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-Conflicted Destiny

Must Read: Conflicted Destiny… Part 48

A story written by Jakemond… If you missed part Forty Seven, read it HERE

By the end of February, I had finally collected all my money from my vendors, but I had spent most of it. Around the same time, I received the long-awaited good news: Maria Joana had finally gotten her leave and had bought her ticket to Nigeria; she would arrive in early March. This news made up for all the misfortune I’d had on my trip to Sierra Leone. A few days later, I packed my bags, bade farewell to all my friends, and headed back to Nigeria. As I waited to board my flight, I noticed some commotion in a corner of the departure hall. I went to investigate, and to my surprise, it was her “royal highness” Ngozi, in the company of Prince Y. Johnson, who was also heading to Nigeria. Apparently, he had accepted the offer by ECOWAS to go to Nigeria on exile. Ngozi was just as surprised to see me. We chatted briefly and she introduced me to Prince Johnson. I took a picture with him and then they headed off to the VIP section.
When I got to Lagos, I went to Joy and asked if she and her husband would allow Maria Joana and me spend a few days at their house when she arrived. I also asked Joy to accompany us to the marriage registry to witness our marriage, which would take place as soon as Maria Joana arrived. I had no intention of waiting any longer than necessary to make the marriage a reality—before she could change her mind. Joy was happy to oblige. While I waited for Maria Joana’s arrival, I perfected all the plans and the arrangements for the marriage, and thought about places she might be interested in visiting while in Nigeria. By the end of that week, everything had been arranged and all that was left was the arrival of the bride herself.
Maria Joana arrived Lagos in mid-March, 1994. I was waiting for her at the airport with Obinna, Joy’s husband’s nephew. Obinna had always been my trusted friend; he understood how important this marriage was to me and was willing do everything possible to help, starting by driving me to the airport. Maria Joana’s plane landed around 5 p.m., and by six, she had passed through immigrations and proceeded to baggage claim. I had already educated her on the process of going through the airport in Nigeria. At that time, there were scam artists all over the airport, and the last thing I needed was for some miscreant to jeopardize my opportunity with Maria Joana by duping her on arrival. I had never been happier to see her face again and she seemed delighted to see me, too, though she looked exhausted. We hugged and kissed, and joined Obinna, who was waiting for us outside.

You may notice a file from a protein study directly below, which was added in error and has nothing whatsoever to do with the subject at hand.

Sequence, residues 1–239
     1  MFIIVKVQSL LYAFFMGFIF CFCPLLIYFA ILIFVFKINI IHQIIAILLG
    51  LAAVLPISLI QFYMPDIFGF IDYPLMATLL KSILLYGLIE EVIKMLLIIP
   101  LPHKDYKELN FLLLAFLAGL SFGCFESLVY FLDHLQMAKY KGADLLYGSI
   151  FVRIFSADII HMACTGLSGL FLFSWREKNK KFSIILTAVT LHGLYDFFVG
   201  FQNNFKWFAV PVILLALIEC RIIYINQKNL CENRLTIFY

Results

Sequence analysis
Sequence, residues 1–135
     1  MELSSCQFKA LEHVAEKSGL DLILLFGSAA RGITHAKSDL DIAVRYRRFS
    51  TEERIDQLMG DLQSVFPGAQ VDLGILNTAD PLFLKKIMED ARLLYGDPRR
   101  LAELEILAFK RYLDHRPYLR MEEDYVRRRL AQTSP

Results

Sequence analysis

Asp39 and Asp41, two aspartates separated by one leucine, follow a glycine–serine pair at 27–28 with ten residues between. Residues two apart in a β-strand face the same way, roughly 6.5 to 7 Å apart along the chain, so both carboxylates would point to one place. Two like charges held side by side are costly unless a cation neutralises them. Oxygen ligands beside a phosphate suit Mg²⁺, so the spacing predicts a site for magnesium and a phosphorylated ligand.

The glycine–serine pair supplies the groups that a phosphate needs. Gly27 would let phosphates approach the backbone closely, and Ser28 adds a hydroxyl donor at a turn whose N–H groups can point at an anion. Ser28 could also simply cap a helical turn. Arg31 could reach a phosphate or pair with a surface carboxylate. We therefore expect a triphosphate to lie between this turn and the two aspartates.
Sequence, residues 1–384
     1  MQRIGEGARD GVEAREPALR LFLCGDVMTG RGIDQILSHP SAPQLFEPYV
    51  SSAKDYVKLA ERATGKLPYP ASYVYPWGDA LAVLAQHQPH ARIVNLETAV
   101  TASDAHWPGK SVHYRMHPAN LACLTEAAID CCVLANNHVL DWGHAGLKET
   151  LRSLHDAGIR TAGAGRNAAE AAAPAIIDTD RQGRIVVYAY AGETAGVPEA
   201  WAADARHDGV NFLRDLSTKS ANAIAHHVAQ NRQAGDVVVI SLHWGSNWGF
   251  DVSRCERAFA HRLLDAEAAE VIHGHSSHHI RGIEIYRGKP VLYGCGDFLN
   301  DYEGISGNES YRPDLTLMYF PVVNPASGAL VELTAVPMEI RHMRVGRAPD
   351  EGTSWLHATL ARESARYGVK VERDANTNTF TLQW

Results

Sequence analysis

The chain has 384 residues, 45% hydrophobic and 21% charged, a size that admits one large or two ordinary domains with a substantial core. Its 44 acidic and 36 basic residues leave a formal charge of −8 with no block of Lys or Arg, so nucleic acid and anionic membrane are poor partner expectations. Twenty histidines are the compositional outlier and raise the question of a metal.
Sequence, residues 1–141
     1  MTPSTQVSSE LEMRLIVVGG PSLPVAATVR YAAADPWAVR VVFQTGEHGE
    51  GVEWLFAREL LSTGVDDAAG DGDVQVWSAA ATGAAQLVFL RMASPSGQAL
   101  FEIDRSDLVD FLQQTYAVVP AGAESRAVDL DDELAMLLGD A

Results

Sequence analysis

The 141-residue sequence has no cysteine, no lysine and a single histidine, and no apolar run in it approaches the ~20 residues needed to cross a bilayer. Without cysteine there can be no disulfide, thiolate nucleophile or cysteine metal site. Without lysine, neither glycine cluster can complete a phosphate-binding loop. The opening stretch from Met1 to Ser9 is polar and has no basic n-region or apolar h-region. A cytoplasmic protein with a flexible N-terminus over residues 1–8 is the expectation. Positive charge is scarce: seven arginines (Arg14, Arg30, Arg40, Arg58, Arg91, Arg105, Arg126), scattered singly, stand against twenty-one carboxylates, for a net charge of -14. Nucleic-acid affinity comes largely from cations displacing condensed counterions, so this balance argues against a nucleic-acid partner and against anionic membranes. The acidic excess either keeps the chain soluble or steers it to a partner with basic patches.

Maria Joana was warmly welcomed by everyone at Joy’s house. We settled into our room and spent hours reminiscing about Barcelona. Later that night, I told her what I had planned for us for the rest of her visit. I informed her that we had to get married the next day since we didn’t have much time to stay in Lagos. She grudgingly accepted this and we went to bed.
The next morning we went to the registry at Victoria Island with Obinna and Joy. Within an hour of our arrival, Maria Joana and I had become husband and wife. We filled out the necessary documents and were issued a marriage license. It was one of the happiest days of my life—not because of the marriage itself, which was clearly one of convenience, but because the marriage certificate would legitimize my relationship with Maria Joana and enable me to obtain a Spanish visa easily. After the ceremony we all drove to a Chinese restaurant to celebrate. I took a slow, deep breath and was flooded with joy. I was closer than ever to achieving my lifelong dream.

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To Be Continued…

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